The second goal of the study was to investigate whether relationship satisfaction, conflicts, and commitment changed differently between attenders and non-attenders. While the baseline level of couple dynamics showed a tendency for more distressed couples to select themselves into the program, attenders did not differ from non-attenders regarding changes in the included outcome variables. The only exception was a tendency for a reduced level of constructive conflict behavior among participating mothers. This inclination could reflect a selection effect in which couples who were high in destructive conflict behavior were more likely to attend the program. The presence of high destructive conflict behavior has previously been linked to negative change in couples’ conflict interaction during the transition to parenthood (Mortensen et al., unpublished material) and may account for the observed decrease in constructive conflict behavior among RE attenders. However, it cannot be ruled out that participation in the program may have caused a tendency for reduced constructive conflict behavior. At least one other study has found similar negative effects of RE (Moss, Bolland, Foxman, & Owen, 1986). Alternatively, participation in the program may have caused somewhat altered perceptions of conflicts, influencing their responses on the constructive conflict behavior items.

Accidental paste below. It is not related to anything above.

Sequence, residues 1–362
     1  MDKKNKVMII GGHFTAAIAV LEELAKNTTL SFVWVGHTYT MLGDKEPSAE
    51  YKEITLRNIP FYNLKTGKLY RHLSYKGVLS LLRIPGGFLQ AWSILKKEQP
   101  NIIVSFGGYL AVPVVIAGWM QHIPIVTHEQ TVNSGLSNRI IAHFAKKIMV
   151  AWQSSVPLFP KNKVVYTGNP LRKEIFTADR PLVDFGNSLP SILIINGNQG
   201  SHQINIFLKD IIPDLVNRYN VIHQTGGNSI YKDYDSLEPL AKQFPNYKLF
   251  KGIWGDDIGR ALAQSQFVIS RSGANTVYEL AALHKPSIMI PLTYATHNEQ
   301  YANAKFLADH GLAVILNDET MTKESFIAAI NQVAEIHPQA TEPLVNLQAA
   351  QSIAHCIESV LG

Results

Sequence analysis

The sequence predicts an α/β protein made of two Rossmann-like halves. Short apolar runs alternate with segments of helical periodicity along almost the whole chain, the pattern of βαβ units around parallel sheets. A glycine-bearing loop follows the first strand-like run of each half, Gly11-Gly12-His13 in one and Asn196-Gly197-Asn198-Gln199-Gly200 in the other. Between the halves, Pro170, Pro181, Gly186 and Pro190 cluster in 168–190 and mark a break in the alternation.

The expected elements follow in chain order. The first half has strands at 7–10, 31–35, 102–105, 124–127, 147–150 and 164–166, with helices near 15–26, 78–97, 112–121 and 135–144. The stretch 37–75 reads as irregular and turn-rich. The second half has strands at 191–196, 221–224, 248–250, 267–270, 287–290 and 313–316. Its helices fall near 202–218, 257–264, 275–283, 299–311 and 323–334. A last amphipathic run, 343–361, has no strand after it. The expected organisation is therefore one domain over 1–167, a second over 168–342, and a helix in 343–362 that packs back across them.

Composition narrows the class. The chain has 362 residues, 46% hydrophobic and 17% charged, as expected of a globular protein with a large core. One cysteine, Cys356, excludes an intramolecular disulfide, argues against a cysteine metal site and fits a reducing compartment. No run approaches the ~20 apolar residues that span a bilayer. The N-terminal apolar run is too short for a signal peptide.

Pinquart & Teubert (2010) performed a meta-analysis of 21 experimental or quasi-experimental studies of couple interventions in the transition to parenthood. Therein, small effect sizes were observed for couple communication (d = .28), psychological well-being (d = .21), and couple adjustment (d = .09). However, stronger effects were observed for interventions that included more than five sessions and had a pre-birth and post-birth component. The Good Couple Relationship program merely involved an eight-hour workshop that normally was provided in two sessions after the baby’s birth. One may therefore question if the dosage of intervention was sufficient to create sustainable change and if the post-birth-only intervention enabled a preventive effect. Regarding the dosage, Hawkins et al. (2008) also found moderate-dosage programs (9 to 21 hours) to create substantially larger effect sizes than low-dosage programs (1 to 8 hours). The low dosage of the Good Couple Relationship program may therefore partially explain the lack of any effects. Also the post-birth-only intervention may have accounted for the findings. There are reasons to expect greater preventive effect from RE with a pre-birth component since previous research indicates that the most important predictor of post-birth relationship adjustment is pre-birth relationship adjustment (Cowan & Cowan, 1995). Furthermore, a number of studies have shown that relationship distress is accounted for by problems that already existed during pregnancy, rather than from the emergence of distress due to the birth of the child (Huston, Caughlin, Houts, Smith, & George, 2001; Kluwer & Johnson, 2007). For example, Cox et al. (1999) found that the interaction style prenatally of both partners was associated with the level of marital satisfaction initially and the degree to which marital satisfaction declined after birth. This finding may suggest that the transition to parenthood intensifies relationship problems that already existed during pregnancy, while couples with greater initial conflict skills are somewhat protected from deterioration. Thus, intervention efforts may need to be introduced before the child arrives in order to prevent negative interaction patterns from emerging and settling.